But without faith it is impossible to please him: for he that comes to God must believe that he is…
The apostle commences this chapter by defining the nature of faith; and then proceeds to adduce, from the narratives of the Old Testament, a variety of instances wherein this grace had been prominently exhibited. But he pauses in his enumeration, that he may indicate, in the words of the text, that, apart from the possession of this qualification, it can be to no purpose that men use the language of prayer. And yet, when immediately afterwards he comes to explain what the measure of that faith is, without which we cannot acceptably betake ourselves to the footstool of our Maker; it seems certainly, at first sight, as though exceedingly small demands were made upon us in this direction. The first requisite, in " coming to God," is stated to be, that we are to "believe that He is." Now, might it not have been supposed that the specifying of such a condition as this would have been altogether superfluous? You will notice, however, that the thing demanded was not that there should be belief in the existence of some Supreme Intelligence, who presides over the affairs and movements of the universe; but that the Deity Himself was to be the object of faith. Now, you cannot believe that "God is," without bringing your conceptions of His character into accordance with the delineations of it given in the Inspired Volume. And, when this is borne in mind, can it be affirmed with certainty that Christians, in the present day, stand in need of no caution in relation to this very point? One man, for instance, lets his mind be wholly occupied with impressions Of the love of God. He cannot think that the Being who has stored the universe with such abundant demonstrations of His benevolence, will eventually, on the score of transgressions unrepented of, consign any to the abode of the fire and of the worm. Now, is it not evident that the man fails to recognise the Deity of the Scriptures, in the Being concerning whose future proceedings he thus conjectures? — and that, so long as he confines himself to this one-sided view he cannot "come to God," since "he that cometh to God must believe that He is," — must recognise Him in all the comprehensiveness of His revealed character, — must beware of the substitution of an idol of the fancy, for the Lord of heaven and earth. But another man is thoroughly persuaded that he is walking along the road which will conduct him to eternal life: and this, simply, because he bears a fair character for morality, and is not chargeable with any flagrant crime. He may devote little or no attention to those religious exercises, public and private, which can with safety be neglected by none; but still it seems not to occur to him that he is endangering the interests of his soul. Now, remembering that "they that worship God, must worship Him in spirit and in truth"; and that "there is none other name given among men, whereby we can be saved, but the name of Jesus"; you will perceive that the individual who unhappily abandons himself to spiritual indifference, must be necessarily, meanwhile, far from the kingdom of heaven. And if he believes not, therefore, in the God of the Bible, in what terms shall we address him, and what course shall we mark out for his guidance? Oh! the man must indeed be directed to "come to God"; but nothing beyond what is essential will be uttered, when, at the same time, he is informed that before he can "come to God," he "must believe that God is." And how frequently is it the case, that the most solemn words of prayer are repeated by the lips, and yet quite unfelt by the heart! Now, is it not so manifest as scarcely to require to be dwelt upon, that if God have connected a large amount of efficacy with earnest prayer, then they who, notwithstanding the proclamation, persist in disbelieving, either wholly or in part, the fact, do not recognise, in the object of their nominal adoration, the prayer-hearing "Lord of all power and might"; that imagination has created an unfaithful representation of Him; that thus the Divine reality is kept out of view; and that, accordingly, before they can "come to God," they must, in the first place, "believe that He is." Such, as you will perceive, is the doctrine of our text; wherein the apostle, who had, in the preceding verses, given two instances of the happy results of faith, remarks parenthetically, ere continuing his list, that, if destitute of this gift, man cannot possibly find acceptance; since, in order to his doing so, he must recognise the Deity — recognise Him, of course, as described in His holy Word; and must thus approach Him as "a rewarder of them that diligently seek Him."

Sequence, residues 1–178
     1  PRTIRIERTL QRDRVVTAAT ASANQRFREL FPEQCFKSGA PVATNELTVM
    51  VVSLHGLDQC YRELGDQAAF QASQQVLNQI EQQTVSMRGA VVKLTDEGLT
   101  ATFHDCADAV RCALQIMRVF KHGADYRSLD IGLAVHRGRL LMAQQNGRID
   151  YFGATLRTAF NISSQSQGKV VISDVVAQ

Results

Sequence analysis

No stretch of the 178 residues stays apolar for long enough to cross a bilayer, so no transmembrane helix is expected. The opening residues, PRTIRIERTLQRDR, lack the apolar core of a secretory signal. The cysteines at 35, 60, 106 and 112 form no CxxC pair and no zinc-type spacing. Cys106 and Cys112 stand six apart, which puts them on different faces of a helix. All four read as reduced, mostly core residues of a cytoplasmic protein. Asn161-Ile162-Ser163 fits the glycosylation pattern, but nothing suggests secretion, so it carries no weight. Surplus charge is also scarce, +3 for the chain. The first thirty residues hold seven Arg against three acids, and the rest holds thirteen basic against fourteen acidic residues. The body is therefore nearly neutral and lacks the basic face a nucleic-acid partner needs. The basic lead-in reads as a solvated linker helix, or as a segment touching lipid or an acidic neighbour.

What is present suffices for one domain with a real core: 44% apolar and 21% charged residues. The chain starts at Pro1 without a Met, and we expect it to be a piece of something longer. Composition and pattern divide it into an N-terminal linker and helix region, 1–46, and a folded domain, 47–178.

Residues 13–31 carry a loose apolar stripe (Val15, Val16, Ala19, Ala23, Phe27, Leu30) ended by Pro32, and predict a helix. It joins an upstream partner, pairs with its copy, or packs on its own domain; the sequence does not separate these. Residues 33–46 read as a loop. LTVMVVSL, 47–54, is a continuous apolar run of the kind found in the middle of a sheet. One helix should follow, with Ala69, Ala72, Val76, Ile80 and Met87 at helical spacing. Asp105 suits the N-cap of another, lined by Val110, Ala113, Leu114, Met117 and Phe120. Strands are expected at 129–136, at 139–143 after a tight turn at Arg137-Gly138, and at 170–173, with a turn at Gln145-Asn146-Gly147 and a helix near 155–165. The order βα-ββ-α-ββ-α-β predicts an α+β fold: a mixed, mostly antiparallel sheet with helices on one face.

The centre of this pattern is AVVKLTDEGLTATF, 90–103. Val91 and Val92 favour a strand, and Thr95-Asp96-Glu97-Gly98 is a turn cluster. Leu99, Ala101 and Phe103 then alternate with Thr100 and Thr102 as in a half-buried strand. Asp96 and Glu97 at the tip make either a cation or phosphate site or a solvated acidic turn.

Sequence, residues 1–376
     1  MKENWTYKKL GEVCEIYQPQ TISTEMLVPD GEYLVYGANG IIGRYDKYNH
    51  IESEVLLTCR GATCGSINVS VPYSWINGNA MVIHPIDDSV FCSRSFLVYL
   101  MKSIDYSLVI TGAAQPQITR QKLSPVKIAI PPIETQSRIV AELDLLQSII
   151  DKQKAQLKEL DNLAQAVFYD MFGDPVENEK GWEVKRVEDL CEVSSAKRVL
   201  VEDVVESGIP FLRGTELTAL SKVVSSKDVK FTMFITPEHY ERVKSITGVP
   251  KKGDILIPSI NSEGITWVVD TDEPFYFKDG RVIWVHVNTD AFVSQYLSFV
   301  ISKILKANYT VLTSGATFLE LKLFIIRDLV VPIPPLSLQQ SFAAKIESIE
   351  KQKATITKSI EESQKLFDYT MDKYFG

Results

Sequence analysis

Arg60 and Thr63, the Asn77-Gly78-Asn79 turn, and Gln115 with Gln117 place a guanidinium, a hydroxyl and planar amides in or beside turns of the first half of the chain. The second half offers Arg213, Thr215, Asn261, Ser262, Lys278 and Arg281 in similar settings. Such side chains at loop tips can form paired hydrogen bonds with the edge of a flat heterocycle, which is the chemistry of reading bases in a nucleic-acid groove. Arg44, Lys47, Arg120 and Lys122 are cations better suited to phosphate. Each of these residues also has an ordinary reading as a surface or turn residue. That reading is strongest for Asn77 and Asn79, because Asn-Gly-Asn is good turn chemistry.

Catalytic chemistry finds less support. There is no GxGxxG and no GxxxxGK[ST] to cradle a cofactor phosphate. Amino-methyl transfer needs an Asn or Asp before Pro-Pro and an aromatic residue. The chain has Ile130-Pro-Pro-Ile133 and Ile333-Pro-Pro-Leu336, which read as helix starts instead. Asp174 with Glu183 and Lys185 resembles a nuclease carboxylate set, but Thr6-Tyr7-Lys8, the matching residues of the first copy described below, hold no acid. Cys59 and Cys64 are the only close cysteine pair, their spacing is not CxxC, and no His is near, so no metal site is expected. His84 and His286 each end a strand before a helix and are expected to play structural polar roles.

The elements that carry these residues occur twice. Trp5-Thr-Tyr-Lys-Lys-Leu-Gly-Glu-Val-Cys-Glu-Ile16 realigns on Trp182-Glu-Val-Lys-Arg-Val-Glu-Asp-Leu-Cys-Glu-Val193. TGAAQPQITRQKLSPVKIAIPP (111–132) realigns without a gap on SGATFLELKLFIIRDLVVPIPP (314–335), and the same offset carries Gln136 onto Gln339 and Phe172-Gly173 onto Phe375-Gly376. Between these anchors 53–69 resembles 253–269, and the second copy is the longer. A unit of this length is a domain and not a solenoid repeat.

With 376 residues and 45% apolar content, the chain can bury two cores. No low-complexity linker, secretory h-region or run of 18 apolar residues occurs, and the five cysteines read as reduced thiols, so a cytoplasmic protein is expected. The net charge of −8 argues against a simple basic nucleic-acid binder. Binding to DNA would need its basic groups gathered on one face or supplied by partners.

(H. B. Moffat, M. A.)
Parallel VersesKJV: But without faith it is impossible to please him: for he that cometh to God must believe that he is, and that he is a rewarder of them that diligently seek him.